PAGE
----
To those who have no time to play
14 Oct – 22 Jan 2023
13 October, 19:00
Gluklya (Natalia Pershina-Yakimanskaya)
IN COLLABORATION WITH
BiSCA (Saadat Aitalieva)
Rahat Bolotbek kyzy
Open Line Foundation
Framer Framed presents To those who have no time to play, the largest solo exhibition for the Amsterdam-based artist Gluklya (Natalia Pershina-Yakimanskaya), curated by Charles Esche. In keeping with her previous work, the exhibition involves many collaborators from Kyrgyz textile workers and recent migrants to the Netherlands to musicians and writers.
The exhibition is structured around four elements, each with its own unique architecture. These are two yurts, a dome, and a stage on which there will be occasional live performances. The works take us from Amsterdam to Bishkek, and via St. Petersburg back to Amsterdam again.
Although conditions in Bishkek or St. Petersburg might seem far from Dutch society, bringing these different social and emotional geographies together through art emphasises connections between them. It is impossible to ignore the many disasters looming on the horizon: the climate crisis, extreme social inequality, the war in Ukraine and the harsh working lives of people supplying cheap goods to Western high streets. Gluklya relates it all in a surreal landscape, where humour appears unexpectedly. She takes us on an associative journey through global abuses, whether they be forced labour and migration, economic exploitation or abuse of power.
Ministerie van Onderwijs, Cultuur en Wetenschap; Gemeente Amsterdam; AFK; Stichting DOEN; Van Abbemuseum
1093 KS Amsterdam
Tue – Sun (12:00 – 18:00)
The book “Two Diaries”
This book emerged as a collaboration with Kurdish activist Murad Zorava, who started to write during this project and I hope he might continue.
In 2017, I was renting a studio in one of the two towers of Bijlmerbajes, a former prison in Amsterdam-Zuid-Oost. The second tower was then used by the government as an Asylum-Seekers-Center (AZC). My plan was to attempt a collaboration with the refugees staying there at the time, among whom was Murad.
During my project in Bijlmerbajes, I was confronted with eye-opening questions: What does equality mean, when it is equality between a refugee and an artist, between – so to speak –trained artists and the person who did not study art at all? Can we imagine rethinking and abandoning the idea of enlightenment? How to deal with the notion of Care without falling into patronization, but soberly staying within the frame of Radical Care?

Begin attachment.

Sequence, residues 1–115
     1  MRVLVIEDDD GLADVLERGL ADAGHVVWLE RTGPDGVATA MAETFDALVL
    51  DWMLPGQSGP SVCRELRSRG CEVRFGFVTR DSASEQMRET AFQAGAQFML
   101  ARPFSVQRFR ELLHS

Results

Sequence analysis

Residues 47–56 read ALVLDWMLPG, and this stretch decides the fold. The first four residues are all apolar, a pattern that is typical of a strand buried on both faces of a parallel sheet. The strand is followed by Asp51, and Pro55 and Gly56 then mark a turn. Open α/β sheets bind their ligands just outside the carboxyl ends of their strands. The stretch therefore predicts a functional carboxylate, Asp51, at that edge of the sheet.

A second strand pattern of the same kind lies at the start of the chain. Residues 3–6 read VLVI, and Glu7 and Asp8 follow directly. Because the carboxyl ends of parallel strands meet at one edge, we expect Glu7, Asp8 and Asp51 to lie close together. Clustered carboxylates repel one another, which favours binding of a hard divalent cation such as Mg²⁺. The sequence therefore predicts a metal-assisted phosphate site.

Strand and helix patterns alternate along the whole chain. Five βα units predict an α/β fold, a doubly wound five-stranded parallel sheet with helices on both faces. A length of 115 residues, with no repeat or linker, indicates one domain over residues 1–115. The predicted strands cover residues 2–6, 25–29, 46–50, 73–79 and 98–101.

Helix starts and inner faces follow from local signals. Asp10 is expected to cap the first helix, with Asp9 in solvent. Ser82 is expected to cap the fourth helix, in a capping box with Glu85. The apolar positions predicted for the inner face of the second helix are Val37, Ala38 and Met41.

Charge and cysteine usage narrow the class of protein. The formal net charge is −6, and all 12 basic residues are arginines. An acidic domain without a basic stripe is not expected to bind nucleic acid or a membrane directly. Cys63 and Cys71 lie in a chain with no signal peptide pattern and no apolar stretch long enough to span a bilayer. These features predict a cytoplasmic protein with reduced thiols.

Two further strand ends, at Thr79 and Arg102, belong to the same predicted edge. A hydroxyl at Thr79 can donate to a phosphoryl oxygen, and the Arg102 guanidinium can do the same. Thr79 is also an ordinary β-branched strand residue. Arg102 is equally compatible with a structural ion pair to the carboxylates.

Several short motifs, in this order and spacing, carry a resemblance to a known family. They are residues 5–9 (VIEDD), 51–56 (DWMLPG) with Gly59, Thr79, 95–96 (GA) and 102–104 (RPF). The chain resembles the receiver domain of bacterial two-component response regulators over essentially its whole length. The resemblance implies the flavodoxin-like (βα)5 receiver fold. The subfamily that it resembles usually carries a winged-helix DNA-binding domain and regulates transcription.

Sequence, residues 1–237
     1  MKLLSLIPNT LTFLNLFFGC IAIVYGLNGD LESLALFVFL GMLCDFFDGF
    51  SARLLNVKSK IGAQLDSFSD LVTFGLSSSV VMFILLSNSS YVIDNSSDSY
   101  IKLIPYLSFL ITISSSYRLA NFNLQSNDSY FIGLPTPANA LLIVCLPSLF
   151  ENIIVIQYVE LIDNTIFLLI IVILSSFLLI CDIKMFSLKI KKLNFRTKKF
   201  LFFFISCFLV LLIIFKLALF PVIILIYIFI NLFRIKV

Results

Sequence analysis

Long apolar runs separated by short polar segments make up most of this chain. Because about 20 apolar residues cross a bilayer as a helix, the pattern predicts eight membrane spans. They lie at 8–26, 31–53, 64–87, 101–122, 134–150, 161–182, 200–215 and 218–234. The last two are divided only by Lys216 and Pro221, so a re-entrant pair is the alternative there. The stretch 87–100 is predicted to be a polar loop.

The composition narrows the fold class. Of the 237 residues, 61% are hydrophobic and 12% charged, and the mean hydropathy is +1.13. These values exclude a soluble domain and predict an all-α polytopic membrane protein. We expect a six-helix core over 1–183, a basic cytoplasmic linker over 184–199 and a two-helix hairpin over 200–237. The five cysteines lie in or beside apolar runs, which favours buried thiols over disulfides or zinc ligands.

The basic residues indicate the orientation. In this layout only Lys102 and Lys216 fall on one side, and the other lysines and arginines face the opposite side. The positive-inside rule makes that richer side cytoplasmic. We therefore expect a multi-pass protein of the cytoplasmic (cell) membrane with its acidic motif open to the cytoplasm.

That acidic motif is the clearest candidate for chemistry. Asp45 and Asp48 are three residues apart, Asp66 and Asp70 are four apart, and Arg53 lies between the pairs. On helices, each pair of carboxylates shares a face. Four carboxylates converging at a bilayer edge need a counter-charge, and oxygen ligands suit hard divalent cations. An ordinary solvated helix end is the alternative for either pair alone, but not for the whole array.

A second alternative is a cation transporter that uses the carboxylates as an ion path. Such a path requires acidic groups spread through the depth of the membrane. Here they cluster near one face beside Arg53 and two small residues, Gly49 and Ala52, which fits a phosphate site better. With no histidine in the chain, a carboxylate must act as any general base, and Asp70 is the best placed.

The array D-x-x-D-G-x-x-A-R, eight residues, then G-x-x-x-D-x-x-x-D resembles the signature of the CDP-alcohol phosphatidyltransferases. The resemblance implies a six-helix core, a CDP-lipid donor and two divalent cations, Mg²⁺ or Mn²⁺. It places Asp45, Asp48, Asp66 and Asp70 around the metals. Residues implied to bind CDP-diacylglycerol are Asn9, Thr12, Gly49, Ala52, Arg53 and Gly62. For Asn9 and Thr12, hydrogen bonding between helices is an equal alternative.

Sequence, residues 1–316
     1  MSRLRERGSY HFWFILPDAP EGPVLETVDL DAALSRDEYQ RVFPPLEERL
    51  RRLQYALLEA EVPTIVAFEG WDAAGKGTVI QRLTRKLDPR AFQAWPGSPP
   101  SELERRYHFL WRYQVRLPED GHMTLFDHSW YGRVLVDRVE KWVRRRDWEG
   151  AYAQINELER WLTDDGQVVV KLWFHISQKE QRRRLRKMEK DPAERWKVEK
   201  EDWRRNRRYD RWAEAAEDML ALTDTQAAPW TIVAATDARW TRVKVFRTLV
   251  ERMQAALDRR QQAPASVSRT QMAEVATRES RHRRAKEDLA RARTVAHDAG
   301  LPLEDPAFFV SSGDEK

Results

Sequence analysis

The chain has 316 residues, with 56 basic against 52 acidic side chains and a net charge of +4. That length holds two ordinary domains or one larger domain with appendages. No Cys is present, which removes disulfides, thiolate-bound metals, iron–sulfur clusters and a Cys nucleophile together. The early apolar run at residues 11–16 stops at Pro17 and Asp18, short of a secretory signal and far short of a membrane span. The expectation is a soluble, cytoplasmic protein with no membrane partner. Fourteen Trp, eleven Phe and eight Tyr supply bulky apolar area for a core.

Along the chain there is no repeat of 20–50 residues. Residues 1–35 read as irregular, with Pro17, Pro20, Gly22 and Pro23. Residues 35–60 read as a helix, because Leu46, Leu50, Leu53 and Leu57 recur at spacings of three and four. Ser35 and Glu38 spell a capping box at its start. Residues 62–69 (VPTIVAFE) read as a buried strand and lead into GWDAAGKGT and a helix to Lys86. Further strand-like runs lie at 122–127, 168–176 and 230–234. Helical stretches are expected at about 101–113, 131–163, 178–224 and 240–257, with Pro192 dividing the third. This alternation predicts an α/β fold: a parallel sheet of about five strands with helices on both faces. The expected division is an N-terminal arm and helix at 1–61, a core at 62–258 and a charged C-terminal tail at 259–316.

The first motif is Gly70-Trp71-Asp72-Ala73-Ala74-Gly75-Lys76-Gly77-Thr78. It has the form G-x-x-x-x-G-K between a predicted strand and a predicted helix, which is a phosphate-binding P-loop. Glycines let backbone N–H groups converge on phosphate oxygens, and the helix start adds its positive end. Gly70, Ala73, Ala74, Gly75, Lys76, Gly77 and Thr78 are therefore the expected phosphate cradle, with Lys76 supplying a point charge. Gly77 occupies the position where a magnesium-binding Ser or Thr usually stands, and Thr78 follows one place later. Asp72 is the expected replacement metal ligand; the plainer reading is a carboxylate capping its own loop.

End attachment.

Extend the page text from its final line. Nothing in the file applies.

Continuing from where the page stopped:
At the start of my research, I visited AZC meetings. These were some of the regular lessons provided to the refugees to teach them about the social structure of the Netherlands and what they could expect here. Nothing was said during those meetings about culture and art, let alone contemporary art. This was surprising to me. It felt as if these people were held not equal to us, westerners, as many westerners believe they cannot survive without a breath of cultural or artistic air. Another thing that struck me was the fact of placing people in the environment of a prison: bars on windows, no locks from inside the rooms, no actual privacy, and unpleasant communal places.
Being haunted by this image of Murad in the cell of the former prison, I started to think about what exactly I could do in this situation. During one of the workshops, I proposed participants write a diary, and Murad accepted this idea. I am very happy to hope that the project had a practical outcome in reality. Murad believes that work with the publishing of his Diary helped him to settle down in Amsterdam.
The book can be purchased here https://www.buchhandlung-walther-koenig.de/koenig2/index.php?mode=details&showcase=1&art=1638030